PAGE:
Martin Luther King Jr., at the end of his life, fixed on three reform objectives, a movement ambition, and something bigger. The policy objectives were to terminate racial discrimination in housing, establish a minimum guaranteed income, and end America’s global militarism. Sometimes he put it in ethical terms, as in his magnificent Riverside Address of April 4, 1967, with exactly one year of life remaining to him, calling America to repudiate its “giant triplet of racism, materialism, and militarism.” Meanwhile, King tried to build a multi-racial poor people’s movement for social justice, declaring that the civil rights movement needed to become a human rights movement aimed at abolishing poverty—beginning with a march of the poor to Washington DC. Fifty years later, these reform objectives and the dream of a mighty movement of the poor are still highly relevant. One does not have to tweak them very much to line out an agenda for today.
But King never settled for reform politics or even a movement ambition. Every demonstration that he led held a larger ambition transcending politics. White America needed to confront its hostility toward black Americans and its sense of racial entitlement, building a culture of atonement for 246 years of chattel slavery and 100 years of racial segregation. No mere political reform movement would make that happen. In the Riverside Address, King called this larger ambition “a true revolution of values”—a moral transformation of American society. America’s warped value system, King said, defeated all attempts to overcome the giant triplet. America needed to stop tolerating extreme inequality in the United States, stop pillaging nations in the Third World, and stop presuming its right to bully and invade weaker nations: “A nation that continues year after year to spend more money on military defense than on programs of social uplift is approaching spiritual death.”
Sometimes King implored Americans to reclaim their revolutionary democratic ideals, “declaring eternal hostility to poverty, racism, and militarism.” Sometimes he stressed how hard it would be to break white America of white supremacy. Until 1966, King refused to say that white Americans never intended to integrate their schools and neighborhoods. Then he got pelted with rocks in Chicago and said it scathingly, cautioning his lieutenants in the Southern Christian Leadership Conference: “The white man literally sought to annihilate the Indian. If you look through the history of the world this very seldom happened.” This was what black Americans were up against, King warned.
Until 1967, King refused to describe America’s post-1964 racial reaction as a backlash, because that kind of language always blamed him for something. Calling it a backlash suggested that racism was increasing and he should do something different. Backlash talk was a species of denial. Then King wrote his last book, Where Do We Go From Here: Chaos or Community? and admitted the obvious. The ubiquitous talk of backlash, he allowed, named something terribly real. However, what mattered was not the perpetual backlash loop, but its cause: the racial hostility that was always there and had never been otherwise. The civil rights movement brought this deep hostility to the surface, now called a backlash. King blistered the white American idea that America was “a middle-class Utopia” committed to fair play and racial harmony, “a fantasy of self-deception and comfortable vanity.” American society, he said, was only slightly less racist in 1967 than in 1954: “It is an aspect of their sense of superiority that the white people of America believe they have so little to learn.” King lamented that most white Americans were unwilling to do anything to abolish racism that cost them anything.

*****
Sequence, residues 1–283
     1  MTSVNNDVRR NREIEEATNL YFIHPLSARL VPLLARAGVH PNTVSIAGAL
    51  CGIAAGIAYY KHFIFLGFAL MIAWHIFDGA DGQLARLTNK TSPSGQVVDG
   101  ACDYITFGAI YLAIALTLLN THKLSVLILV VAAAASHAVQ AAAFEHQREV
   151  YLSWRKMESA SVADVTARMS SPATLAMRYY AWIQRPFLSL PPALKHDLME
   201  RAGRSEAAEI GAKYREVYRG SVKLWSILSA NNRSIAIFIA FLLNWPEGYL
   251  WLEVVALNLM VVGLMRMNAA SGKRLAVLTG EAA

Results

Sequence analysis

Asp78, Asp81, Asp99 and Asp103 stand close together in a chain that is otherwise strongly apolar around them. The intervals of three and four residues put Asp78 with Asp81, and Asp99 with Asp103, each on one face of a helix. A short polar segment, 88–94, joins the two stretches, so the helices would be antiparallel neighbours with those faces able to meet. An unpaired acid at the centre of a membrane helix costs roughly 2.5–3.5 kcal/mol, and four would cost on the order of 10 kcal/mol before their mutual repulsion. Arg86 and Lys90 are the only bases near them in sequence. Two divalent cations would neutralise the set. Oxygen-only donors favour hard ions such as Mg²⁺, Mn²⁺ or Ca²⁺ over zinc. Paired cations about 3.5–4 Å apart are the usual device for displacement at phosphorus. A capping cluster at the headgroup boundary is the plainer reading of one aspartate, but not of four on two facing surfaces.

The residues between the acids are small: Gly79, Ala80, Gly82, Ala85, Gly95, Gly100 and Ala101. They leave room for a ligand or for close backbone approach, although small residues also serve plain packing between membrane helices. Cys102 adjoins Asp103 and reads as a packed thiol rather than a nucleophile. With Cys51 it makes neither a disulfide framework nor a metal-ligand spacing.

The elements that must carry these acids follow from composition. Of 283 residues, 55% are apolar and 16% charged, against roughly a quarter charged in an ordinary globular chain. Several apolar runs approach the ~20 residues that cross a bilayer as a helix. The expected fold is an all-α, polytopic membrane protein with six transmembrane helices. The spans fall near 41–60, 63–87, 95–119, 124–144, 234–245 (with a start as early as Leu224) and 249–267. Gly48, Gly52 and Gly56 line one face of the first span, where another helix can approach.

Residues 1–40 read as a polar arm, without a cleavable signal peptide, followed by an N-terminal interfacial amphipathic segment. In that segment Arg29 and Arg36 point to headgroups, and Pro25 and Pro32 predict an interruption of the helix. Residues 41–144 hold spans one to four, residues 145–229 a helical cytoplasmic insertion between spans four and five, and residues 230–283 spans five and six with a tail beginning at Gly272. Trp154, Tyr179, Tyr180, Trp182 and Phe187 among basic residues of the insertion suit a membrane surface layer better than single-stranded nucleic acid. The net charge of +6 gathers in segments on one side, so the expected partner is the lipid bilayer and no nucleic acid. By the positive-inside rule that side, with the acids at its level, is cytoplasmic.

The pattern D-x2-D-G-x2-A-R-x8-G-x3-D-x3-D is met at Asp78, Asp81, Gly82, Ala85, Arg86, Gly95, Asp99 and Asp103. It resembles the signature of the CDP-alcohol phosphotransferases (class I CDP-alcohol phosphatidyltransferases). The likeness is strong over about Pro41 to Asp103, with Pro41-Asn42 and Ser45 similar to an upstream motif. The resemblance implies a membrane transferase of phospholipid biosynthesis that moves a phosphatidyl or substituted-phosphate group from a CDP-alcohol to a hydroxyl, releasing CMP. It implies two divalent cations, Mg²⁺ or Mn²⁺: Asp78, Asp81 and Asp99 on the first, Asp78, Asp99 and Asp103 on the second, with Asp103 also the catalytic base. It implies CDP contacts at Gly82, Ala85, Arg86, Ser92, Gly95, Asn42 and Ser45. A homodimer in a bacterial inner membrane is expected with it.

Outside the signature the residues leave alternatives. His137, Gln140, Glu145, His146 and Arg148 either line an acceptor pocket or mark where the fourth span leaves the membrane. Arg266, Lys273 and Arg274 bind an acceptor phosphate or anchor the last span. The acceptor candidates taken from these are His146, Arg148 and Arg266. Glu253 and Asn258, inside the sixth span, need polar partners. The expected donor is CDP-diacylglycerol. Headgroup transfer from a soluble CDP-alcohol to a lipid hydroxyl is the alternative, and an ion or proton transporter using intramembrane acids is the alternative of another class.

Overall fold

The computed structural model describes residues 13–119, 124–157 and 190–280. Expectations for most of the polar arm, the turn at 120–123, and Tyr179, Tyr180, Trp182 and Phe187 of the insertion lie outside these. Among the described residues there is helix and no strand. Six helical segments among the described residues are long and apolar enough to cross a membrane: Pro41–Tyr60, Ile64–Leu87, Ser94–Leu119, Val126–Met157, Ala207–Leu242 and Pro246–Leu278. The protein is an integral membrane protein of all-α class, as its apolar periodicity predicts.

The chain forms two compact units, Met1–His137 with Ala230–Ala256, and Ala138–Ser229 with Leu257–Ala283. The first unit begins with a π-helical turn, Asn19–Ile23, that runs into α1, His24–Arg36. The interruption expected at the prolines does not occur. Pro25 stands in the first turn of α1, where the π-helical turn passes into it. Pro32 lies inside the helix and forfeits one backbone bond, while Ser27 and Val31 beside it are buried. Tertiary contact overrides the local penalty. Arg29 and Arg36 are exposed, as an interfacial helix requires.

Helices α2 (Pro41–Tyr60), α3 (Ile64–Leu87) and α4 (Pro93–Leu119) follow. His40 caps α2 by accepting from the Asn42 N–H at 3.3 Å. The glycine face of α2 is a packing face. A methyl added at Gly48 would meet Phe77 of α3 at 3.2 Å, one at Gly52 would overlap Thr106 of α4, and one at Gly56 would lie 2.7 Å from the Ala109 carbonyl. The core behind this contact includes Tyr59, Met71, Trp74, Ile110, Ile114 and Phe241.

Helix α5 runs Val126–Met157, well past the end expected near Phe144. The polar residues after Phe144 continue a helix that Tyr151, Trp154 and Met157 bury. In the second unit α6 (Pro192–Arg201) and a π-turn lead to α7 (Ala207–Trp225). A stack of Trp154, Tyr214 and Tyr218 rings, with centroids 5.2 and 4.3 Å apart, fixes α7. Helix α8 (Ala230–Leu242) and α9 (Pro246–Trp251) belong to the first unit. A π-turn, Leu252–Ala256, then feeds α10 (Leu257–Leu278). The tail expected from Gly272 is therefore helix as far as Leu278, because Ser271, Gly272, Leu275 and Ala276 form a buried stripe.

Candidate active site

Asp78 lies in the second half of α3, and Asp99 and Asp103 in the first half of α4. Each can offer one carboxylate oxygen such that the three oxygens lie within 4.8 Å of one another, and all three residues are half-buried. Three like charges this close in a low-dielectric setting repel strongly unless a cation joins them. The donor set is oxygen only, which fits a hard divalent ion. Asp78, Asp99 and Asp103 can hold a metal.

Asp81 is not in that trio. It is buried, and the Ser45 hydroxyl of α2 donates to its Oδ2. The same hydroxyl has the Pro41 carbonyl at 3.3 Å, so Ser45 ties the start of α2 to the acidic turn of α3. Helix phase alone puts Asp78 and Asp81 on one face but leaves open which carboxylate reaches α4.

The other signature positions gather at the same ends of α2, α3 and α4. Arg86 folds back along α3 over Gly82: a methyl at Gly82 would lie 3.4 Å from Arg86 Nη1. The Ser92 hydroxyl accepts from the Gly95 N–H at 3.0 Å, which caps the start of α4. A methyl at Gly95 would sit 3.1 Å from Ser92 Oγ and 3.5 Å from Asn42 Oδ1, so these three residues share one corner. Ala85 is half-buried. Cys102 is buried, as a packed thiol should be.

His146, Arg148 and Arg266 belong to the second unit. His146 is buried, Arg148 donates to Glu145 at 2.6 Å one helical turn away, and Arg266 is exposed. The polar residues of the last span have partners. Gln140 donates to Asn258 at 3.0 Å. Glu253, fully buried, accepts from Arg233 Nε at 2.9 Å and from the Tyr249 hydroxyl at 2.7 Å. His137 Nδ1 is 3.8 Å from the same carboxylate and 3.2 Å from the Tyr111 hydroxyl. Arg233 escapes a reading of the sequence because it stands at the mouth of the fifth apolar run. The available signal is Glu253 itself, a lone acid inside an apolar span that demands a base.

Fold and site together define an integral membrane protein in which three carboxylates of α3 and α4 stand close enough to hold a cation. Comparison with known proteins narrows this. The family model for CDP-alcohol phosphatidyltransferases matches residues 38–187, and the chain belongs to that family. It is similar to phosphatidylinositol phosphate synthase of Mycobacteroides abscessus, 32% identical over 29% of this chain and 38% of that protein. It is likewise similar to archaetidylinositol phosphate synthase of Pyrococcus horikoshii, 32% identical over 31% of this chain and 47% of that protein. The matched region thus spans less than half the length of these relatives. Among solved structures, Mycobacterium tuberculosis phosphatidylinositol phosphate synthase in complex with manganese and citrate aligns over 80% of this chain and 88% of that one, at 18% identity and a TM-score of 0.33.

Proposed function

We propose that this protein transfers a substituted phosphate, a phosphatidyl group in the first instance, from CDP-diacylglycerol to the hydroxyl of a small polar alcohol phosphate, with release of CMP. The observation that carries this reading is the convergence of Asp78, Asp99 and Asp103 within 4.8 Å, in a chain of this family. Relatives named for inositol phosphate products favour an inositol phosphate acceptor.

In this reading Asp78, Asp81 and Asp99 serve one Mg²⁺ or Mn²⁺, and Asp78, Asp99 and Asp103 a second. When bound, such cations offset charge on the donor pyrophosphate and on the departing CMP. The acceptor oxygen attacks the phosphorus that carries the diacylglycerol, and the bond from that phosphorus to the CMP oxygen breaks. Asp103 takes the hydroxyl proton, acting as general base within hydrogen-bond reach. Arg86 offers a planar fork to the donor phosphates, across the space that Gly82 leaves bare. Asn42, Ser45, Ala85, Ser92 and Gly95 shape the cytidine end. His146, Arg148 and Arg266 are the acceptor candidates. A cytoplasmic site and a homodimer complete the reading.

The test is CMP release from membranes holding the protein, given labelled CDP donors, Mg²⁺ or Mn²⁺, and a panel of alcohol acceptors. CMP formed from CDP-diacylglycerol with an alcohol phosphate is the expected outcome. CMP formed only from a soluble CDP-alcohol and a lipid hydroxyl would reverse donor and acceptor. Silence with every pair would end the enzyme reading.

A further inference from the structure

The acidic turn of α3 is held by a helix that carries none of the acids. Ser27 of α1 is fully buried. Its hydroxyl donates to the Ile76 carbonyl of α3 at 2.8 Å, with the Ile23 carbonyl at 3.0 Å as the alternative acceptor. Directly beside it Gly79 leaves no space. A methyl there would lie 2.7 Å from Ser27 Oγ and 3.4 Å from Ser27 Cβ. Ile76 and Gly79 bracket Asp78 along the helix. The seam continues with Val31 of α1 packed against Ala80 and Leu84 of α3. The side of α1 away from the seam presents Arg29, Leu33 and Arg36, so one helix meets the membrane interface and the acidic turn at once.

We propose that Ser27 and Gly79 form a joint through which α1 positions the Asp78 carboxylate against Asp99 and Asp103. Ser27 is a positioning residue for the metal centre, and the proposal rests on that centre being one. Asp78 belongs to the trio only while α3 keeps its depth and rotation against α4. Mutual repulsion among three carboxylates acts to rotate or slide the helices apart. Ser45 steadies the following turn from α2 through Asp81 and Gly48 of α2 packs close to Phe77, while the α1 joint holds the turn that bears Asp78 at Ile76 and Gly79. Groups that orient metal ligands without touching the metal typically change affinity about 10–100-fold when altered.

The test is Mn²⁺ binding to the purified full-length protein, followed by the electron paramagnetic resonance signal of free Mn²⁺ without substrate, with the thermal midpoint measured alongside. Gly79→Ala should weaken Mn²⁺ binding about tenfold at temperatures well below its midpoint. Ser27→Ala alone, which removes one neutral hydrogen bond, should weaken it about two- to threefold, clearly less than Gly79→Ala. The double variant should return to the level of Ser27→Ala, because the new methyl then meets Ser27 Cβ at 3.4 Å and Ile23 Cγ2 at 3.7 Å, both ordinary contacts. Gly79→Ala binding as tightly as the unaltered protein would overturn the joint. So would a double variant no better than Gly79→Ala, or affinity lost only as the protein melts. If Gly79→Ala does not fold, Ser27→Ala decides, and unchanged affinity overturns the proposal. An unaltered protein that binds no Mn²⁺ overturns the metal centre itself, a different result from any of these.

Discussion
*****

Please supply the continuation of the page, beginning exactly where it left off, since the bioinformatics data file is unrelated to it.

Very near the end, in his last Christmas sermon, King made his usual vow to endure suffering, respond to violence with soul force, and love the oppressors. But now he said it by counter-posing the dream and the nightmare, invoking four nightmares. He had a dream but saw it turn into a nightmare when four young girls in Birmingham, Alabama were murdered. He saw the nightmare again in the miserable poverty gripping urban black American neighborhoods. He saw it again as black Americans set fire to their own neighborhoods. He saw a fourth nightmare rage out of control as America ravaged Vietnam. At the end, King was unfathomably exhausted and depressed, living on the edge of despair, but he dared not give up hope: “Yes, I am personally the victim of deferred dreams, of blasted hopes, but in spite of that I close today by saying I still have a dream, because, you know, you can’t give up in life.”
The King who won a national holiday was not the King who condemned the conceits and brutality of white supremacy, took the struggle to Chicago, railed against capitalism and the Vietnam War, and organized a Poor People’s Campaign. To win the iconic status that King deserved, he had to be domesticated and was. King became safe and ethereal, registering as a noble moralist. It became hard to remember why, or even that, he was the most hated person in America during his lifetime. But that is the King we need to remember today—the one who called the nation to interrogate its racism, injustice, and violence, and build a culture of atonement.
Gary Dorrien is the Reinhold Niebuhr Professor of Social Ethics at Union Theological Seminary and Professor of Religion at Columbia University. He is the author of eighteen books that range across the fields of ethics, social theory, theology, philosophy, politics, and history. His recent book, The New Abolition: W. E. B. Du Bois and the Black Social Gospel, won the 2017 Grawemeyer Award in Religion.